Use this URL to cite or link to this record in EThOS: http://ethos.bl.uk/OrderDetails.do?uin=uk.bl.ethos.599119
Title: Biophysical investigations of PKD domains : mechanosensation and pathogenesis
Author: Forman, J. R.
Awarding Body: University of Cambridge
Current Institution: University of Cambridge
Date of Award: 2006
Availability of Full Text:
Full text unavailable from EThOS. Please contact the current institution’s library for further details.
Abstract:
Autosomal dominant polycystic kidney disease is one of the most common human genetic disorders, and most cases are linked to mutations in the protein polycystin-1. In 2003, polycystin-1 was proposed to function as a mechanosensor, sensing changes in kidney tubule fluid flow. This dissertation presents investigations into the mechanical properties of PKD domains, which constitute approximately half of the extracellular region of the transmembrane polycystin-1 protein. Using single molecule force spectroscopy, PKD domains of polycystin-1 were shown to exhibit a phenomenal resistance to unfolding under applied external forces. These results demonstrate that PKD domains would remain folded under the physiological forces of fluid flow and suggest that polycystin-1 has evolved to fulfil a mechanical function. How do proteins resist unfolding under applied forces? Computer simulations, protein engineering, and force spectroscopy were employed to investigate the unfolding pathway of PKD domains under force. This work reveals the formation of force-induced non-native contacts in the PKD domains. These non-native contacts appear to be the critical feature for stabilising PKD domains against unfolding. Finally, this dissertation presents the thermodynamic effects of pathogenic mutations in the PKD domains of polycystin-1. These data suggest that a significant proportion of pathogenic mutations will act to destabilise protein domains, sometimes preventing folding. Thermodynamic destabilisation is likely to be the molecular pathogenic mechanism for a large fraction of genetic diseases. Further research in this vein, to elucidate the molecular biophysical effects of mutations, will be vital for our understanding of genetic diseases.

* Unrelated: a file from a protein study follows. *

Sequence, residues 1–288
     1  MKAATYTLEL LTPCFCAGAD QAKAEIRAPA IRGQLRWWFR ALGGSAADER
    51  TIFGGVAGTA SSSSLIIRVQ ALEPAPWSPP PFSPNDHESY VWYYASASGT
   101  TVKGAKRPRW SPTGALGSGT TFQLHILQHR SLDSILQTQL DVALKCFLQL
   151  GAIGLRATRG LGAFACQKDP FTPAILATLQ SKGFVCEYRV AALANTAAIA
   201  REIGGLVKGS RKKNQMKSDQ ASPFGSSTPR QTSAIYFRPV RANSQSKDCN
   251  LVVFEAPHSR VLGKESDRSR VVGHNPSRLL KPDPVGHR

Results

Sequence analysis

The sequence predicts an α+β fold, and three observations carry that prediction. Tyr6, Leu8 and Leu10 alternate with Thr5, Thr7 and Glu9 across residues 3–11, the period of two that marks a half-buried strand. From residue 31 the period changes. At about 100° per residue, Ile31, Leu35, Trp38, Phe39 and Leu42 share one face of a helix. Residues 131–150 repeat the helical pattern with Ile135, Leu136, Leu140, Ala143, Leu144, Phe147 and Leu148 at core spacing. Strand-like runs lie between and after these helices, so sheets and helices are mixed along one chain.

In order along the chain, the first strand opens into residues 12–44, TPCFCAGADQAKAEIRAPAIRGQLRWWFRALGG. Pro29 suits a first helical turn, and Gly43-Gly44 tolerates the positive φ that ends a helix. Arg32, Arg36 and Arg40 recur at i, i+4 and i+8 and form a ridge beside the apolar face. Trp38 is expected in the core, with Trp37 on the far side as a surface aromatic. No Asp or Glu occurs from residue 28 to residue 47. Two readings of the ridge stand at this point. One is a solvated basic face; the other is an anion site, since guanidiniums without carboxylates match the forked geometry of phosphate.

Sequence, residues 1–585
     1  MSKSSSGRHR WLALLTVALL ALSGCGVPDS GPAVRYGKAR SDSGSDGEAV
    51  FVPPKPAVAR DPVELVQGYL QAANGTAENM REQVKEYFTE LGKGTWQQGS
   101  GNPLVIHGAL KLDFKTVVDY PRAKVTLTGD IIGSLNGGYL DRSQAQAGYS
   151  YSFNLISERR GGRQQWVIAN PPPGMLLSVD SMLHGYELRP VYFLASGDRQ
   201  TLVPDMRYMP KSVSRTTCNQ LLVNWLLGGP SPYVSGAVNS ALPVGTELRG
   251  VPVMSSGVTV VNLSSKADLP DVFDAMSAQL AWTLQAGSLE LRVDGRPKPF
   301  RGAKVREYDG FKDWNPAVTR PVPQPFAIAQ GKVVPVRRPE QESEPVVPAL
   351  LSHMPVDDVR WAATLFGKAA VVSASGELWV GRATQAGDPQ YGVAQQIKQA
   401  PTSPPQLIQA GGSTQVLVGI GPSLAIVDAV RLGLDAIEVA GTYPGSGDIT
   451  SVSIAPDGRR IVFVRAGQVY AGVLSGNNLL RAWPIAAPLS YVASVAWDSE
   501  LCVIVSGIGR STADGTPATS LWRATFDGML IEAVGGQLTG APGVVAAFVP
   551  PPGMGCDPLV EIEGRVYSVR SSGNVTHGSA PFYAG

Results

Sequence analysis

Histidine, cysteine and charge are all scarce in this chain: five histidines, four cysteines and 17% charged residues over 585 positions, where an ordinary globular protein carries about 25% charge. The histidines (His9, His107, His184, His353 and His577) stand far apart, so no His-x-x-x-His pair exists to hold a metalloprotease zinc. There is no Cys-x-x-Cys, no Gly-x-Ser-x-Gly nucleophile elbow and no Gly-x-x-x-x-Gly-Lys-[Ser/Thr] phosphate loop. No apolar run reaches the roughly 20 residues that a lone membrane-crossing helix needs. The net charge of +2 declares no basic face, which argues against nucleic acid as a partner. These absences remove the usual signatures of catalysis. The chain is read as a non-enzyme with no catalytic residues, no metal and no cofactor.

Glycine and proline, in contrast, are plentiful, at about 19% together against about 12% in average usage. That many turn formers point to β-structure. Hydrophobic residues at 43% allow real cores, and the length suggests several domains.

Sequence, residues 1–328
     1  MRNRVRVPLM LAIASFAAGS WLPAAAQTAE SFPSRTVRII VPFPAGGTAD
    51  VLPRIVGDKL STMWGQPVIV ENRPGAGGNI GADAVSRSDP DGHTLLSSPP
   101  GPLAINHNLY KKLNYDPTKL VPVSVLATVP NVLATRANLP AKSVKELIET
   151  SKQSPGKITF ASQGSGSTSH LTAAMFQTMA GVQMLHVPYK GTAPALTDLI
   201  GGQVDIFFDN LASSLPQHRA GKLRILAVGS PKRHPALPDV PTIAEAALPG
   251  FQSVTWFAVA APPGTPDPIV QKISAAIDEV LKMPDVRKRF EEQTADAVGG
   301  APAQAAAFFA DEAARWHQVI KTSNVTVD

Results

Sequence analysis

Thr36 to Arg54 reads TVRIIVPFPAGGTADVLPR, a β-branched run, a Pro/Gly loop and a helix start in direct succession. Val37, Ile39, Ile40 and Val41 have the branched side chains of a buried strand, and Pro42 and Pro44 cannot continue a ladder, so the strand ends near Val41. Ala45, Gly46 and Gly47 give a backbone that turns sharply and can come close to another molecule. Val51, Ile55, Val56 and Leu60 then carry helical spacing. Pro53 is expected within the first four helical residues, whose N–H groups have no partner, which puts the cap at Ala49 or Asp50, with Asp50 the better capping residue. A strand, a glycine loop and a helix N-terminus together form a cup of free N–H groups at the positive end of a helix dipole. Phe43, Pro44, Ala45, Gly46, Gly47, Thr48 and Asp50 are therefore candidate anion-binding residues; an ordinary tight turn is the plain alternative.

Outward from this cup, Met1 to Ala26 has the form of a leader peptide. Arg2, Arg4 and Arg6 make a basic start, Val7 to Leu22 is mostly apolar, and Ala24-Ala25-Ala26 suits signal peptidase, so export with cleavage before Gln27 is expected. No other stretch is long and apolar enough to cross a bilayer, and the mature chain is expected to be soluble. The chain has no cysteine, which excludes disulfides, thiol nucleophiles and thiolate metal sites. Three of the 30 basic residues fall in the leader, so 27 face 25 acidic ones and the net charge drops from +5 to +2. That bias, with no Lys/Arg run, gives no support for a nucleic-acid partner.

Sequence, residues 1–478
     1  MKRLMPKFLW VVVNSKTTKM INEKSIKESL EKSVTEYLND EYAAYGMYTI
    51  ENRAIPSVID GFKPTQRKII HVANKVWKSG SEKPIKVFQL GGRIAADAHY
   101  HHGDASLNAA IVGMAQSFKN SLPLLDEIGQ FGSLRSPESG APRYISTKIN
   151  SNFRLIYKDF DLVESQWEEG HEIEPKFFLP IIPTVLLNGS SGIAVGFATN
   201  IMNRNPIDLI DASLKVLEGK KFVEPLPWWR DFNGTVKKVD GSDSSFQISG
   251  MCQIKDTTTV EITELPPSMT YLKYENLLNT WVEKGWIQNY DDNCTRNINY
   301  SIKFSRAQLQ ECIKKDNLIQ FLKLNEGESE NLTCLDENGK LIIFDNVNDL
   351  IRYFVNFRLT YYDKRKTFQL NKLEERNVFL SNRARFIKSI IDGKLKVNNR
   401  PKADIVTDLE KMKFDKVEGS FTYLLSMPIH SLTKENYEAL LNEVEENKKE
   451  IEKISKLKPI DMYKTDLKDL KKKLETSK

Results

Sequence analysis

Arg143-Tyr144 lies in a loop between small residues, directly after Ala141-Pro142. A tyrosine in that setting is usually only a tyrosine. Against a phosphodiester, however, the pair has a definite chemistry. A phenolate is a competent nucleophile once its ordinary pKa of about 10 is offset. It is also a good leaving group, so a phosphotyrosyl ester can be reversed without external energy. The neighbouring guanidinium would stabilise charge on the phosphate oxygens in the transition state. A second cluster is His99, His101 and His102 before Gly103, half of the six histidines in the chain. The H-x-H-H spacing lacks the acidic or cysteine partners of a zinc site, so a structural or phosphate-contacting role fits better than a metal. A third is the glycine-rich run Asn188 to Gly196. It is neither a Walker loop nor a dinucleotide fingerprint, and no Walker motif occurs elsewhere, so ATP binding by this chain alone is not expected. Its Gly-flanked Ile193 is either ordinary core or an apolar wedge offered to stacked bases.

Supervisor: Not available Sponsor: Not available
Qualification Name: Thesis (Ph.D.) Qualification Level: Doctoral
EThOS ID: uk.bl.ethos.599119  DOI: Not available
Share: